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LIFES: From Reusable Data to New Treatments and Faster Diagnoses

Early diagnosis, new treatments, and personalised care: all of these are possible if we can better unlock the wealth of information hidden in health data. Unfortunately, this data is often poorly organised, difficult to access, and not interoperable. The new international Leiden Institute for FAIR and Equitable Science (LIFES) aims to change that.

As a public-private partnership, LIFES seeks to improve global data reuse by applying the principles of FAIR data. FAIR data is Findable, Accessible, Interoperable, and Reusable, with attention also given to fair rules for data access and privacy.

How substances in your blood reveal illness

At the Metabolomics & Analytics Centre, led by Professor Thomas Hankemeier, researchers measure various substances in the blood, such as metabolites, fats, and proteins. These measurements are crucial for identifying early markers of diseases. For example, changes in certain bile acids and oxidised fatty acids can indicate future dementia.

‘These early markers not only help in early disease detection,’ explains Hankemeier, ‘but also in predicting the most suitable treatment. Additionally, markers help understand what happens in the body at the molecular level and which processes take place. This can lead to the development of new treatments, especially for diseases that currently lack effective treatments, such as dementia.’​​​​​​​

LIFES sets a new standard for reusable data

To find such markers, as much health data as possible is needed from citizens and patients. In an ideal world, researchers worldwide would seamlessly reuse each other's data. ‘Unfortunately, several problems currently hinder global data reuse,’ says Professor Barend Mons, founding director of LIFES and professor at LUMC and LACDR. ‘Data is poorly findable, poorly organised, and limited in accessibility. Additionally, data is often not easily readable by computers, and data from different projects is not well interoperable. That’s why we want to set a new standard with LIFES.’

'We hope to contribute to the advancement of science, but also ensure the global community profits equally from these developments.'

‘Through this collaboration, we not only contribute to the advancement of scientific research but also ensure that the benefits of these developments are shared equitably across the global community.’

LIFES offers training, infrastructure and collaboration

The institute aims to build a global network of public and private organisations that will apply the FAIR principles. LIFES partners offer training, data management support, and advanced analysis methods like machine learning. Additionally, partners provide the necessary infrastructure to make data equitably accessible and reusable. Hankemeier: ‘We want to ensure that everyone has access to these services, stimulate collaborations, and take the lead in securing funding to make this all possible.’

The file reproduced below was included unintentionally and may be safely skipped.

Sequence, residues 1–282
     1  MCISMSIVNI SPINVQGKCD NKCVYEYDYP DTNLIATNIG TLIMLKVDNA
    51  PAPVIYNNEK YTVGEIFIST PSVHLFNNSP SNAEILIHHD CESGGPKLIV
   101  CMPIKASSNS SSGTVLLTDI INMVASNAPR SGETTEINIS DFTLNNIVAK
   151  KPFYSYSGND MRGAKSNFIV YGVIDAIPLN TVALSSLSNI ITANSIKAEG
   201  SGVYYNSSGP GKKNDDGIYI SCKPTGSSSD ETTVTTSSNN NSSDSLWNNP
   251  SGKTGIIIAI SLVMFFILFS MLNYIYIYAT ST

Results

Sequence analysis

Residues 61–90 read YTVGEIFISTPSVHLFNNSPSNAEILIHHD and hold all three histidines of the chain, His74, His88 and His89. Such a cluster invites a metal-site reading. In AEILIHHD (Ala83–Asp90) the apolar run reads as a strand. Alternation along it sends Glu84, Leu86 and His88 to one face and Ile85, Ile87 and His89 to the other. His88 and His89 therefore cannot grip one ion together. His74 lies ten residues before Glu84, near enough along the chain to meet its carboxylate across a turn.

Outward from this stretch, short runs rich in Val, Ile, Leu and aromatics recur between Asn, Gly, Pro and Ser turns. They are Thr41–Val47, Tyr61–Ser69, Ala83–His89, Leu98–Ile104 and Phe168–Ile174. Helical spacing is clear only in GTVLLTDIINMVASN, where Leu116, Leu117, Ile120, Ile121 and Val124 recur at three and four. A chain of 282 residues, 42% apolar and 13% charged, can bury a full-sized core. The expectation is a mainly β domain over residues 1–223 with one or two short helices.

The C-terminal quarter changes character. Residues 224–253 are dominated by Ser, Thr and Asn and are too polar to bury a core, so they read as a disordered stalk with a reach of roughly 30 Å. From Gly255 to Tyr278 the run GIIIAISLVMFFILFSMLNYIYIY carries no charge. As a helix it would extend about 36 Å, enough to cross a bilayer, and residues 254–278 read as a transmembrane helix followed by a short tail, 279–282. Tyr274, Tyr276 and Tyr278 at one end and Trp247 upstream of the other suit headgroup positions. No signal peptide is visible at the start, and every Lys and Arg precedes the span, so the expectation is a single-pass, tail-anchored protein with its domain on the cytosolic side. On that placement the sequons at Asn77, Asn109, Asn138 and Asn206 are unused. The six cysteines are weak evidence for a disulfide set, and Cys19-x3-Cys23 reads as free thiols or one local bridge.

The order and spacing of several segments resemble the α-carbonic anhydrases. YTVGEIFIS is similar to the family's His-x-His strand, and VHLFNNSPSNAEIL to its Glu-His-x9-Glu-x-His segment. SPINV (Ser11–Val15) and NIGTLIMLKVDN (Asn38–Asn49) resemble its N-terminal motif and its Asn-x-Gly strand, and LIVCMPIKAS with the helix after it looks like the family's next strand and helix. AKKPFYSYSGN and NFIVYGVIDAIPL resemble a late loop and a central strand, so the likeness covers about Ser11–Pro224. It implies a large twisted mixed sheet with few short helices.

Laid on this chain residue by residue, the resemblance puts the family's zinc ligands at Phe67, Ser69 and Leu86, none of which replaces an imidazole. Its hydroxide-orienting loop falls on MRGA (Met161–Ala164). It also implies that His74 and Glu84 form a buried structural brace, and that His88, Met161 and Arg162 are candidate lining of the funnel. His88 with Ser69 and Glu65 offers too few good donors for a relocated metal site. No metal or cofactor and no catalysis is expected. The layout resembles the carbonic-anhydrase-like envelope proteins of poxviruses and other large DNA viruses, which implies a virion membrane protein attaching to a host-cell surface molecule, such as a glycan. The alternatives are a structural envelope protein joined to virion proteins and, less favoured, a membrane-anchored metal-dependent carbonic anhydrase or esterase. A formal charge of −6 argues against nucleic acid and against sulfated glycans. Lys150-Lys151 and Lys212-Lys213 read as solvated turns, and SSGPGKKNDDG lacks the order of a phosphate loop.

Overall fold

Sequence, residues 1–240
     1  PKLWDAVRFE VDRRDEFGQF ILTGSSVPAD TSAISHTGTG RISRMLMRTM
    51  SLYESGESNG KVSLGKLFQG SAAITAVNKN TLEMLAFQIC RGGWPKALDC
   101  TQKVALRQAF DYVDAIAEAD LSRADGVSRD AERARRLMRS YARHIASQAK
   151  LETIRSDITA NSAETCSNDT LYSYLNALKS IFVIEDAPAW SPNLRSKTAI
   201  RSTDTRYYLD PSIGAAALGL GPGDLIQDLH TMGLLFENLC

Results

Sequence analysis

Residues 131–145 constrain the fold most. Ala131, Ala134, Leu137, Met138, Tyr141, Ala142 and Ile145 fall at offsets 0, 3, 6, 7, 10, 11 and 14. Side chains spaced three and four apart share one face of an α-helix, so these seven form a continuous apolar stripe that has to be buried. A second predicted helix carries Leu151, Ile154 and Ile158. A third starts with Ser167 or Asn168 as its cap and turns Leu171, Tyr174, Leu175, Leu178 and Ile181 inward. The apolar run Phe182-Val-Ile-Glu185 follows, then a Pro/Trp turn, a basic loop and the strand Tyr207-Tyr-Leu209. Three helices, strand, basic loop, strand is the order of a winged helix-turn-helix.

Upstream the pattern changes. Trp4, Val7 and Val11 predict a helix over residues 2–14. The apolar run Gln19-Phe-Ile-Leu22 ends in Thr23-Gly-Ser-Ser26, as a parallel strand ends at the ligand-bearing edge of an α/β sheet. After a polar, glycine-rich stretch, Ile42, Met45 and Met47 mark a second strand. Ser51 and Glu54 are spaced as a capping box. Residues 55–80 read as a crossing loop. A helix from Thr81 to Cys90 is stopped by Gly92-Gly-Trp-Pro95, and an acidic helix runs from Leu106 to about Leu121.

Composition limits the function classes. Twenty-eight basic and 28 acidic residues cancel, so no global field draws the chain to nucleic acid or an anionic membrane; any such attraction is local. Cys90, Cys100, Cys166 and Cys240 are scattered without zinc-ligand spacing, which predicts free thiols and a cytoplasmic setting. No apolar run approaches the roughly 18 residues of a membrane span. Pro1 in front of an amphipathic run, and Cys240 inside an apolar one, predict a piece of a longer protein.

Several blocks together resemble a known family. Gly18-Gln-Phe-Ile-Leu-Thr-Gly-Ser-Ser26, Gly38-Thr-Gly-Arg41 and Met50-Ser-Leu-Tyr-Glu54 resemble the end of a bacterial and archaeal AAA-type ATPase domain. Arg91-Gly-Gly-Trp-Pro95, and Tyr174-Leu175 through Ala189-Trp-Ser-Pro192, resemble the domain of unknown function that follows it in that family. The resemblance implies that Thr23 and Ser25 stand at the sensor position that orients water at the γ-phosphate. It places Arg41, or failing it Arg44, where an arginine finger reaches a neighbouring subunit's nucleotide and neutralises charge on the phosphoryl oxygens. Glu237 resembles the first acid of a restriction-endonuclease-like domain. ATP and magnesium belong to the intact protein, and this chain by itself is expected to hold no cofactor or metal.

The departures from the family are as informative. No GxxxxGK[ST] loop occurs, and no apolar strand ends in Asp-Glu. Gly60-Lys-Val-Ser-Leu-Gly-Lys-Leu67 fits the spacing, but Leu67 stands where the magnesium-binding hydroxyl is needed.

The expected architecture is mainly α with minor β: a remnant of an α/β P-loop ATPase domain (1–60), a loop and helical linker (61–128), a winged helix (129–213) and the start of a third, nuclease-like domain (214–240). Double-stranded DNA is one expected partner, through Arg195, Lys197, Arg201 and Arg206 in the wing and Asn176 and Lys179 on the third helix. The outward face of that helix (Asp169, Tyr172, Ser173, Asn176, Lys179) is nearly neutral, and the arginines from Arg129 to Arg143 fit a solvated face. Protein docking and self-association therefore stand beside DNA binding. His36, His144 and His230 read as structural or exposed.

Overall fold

Multi-omics: A holistic picture of health

By combining and analysing data from different levels, researchers can gain a more comprehensive understanding of biological processes and complex diseases. This approach is called multi-omics. Think of a combination of genomics, transcriptomics, proteomics, metabolomics, and so on. Genomics focuses on an organism's DNA, transcriptomics on gene expression, proteomics on proteins, and metabolomics on metabolites and small molecules in an organism. In this context, easily linking data obtained from one patient to that of another patient with similar symptoms is very interesting. It is one of LIFES's goals to make this possible in a safe manner.

‘Betere gezondheidszorg voor iedereen’

At LACDR and specifically the Metabolomics & Analytics Centre, researchers will also work on making data "FAIR", an effort lead by  Erik Schultes, Amy Harms and Alida Kindt. ‘We mainly focus on data for mass spectrometry and multi-omics,’ says Hankemeier (see sidebar). ‘We will develop a strategy to combine health data with existing knowledge and multi-omics data measured by ourselves and others. This will help us better understand how diseases develop and how we can treat them. It will also teach us a lot about tackling complex diseases with different subtypes and the underlying mechanisms that cause diseases.’

‘This will help to diagnose patients earlier, find the right diagnosis the first time, and to find the most efficient treatment. Thus, an initiative in our data management will eventually lead to better healthcare for us all.’

Further reading

More information can be found in the press release of the GO FAIR Foundation on the LIFES website.

Collaboratin for FAIR data reuse

The Leiden Institute for FAIR and Equitable Science (LIFES) is an initiative for an international public-private partnership between eleven academic and private founding parties: the GO FAIR Foundation, Copyright Clearance Center, FAIRscholar, HINQ, Leiden University Medical Center, the Leiden Academic Centre for Drug Research (Leiden University), Naturalis Biodiversity Center, Roche Nederland B.V., Sage, TNO, and the University of Twente.

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